The Mora Fiestas ... are usually held on July 25 and 26, which is interesting because as long as I can remember all the men ride horseback on July 25, which is the day of St. James, and the women ride horseback on the 26th, St. Ann’s day.
I asked great grandma about this tradition, and she told me that in 1904 there was a great flood in Mora and the people escaped in the big courthouse that looked like a castle. She said that after the flood the local priest had told the people it was a warning to be more prayerful. She said that he kept reminding people that the two most important commandments are to love God with your whole being, and the second to love your neighbor as you love yourself.
She said that because our tongue is our biggest enemy, someone came up with the idea that if they took heed of the words of St. James, Chapter 3, 1-18, where St. James advises the people that: We put a bit into the mouth of a horse to make it obey us, and it will go wherever we want, but no one has been able to control the tongue. It is evil and uncontrollable, full of poison. We give praise to our creator and with the same tongue curse our neighbor. So, as a reminder of the words of St. James, who is said to have rode a horse throughout the countryside, to preach, heal the sick and give food to the needy, they started riding horses on that day.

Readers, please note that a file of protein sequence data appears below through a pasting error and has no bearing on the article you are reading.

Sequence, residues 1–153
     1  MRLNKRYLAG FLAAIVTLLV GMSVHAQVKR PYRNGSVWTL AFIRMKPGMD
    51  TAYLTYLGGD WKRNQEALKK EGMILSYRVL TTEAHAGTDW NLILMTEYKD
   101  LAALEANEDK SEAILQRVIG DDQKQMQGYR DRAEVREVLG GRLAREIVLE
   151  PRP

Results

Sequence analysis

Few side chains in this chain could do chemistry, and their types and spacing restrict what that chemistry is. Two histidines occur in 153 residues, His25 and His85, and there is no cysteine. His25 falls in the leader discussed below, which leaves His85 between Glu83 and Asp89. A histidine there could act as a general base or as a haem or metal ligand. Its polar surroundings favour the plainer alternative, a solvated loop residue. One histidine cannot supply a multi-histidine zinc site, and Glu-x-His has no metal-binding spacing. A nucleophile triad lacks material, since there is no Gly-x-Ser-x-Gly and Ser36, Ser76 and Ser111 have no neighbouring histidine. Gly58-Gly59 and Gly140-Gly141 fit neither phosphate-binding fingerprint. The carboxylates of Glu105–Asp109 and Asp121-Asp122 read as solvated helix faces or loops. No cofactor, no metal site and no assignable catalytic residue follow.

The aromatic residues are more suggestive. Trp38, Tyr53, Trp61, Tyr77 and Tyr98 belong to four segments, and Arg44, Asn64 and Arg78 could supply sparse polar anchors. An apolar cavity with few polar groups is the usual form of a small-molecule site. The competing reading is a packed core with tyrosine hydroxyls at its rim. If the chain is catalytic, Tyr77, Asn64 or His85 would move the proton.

St. Ann, she said, is another story. Joseph and Mary were poor, simple people. They traveled by goat everywhere they went, when it was time to go to Bethlehem, St. Ann the mother of our blessed mother Mary, gave Mary a donkey to ride, since she was with a child and the journey was long. So in memory of St. Ann’s good act, the women ride horses on the 26th, which is St. Ann’s birthday. She said these traditions have been followed since the Spaniards came to America.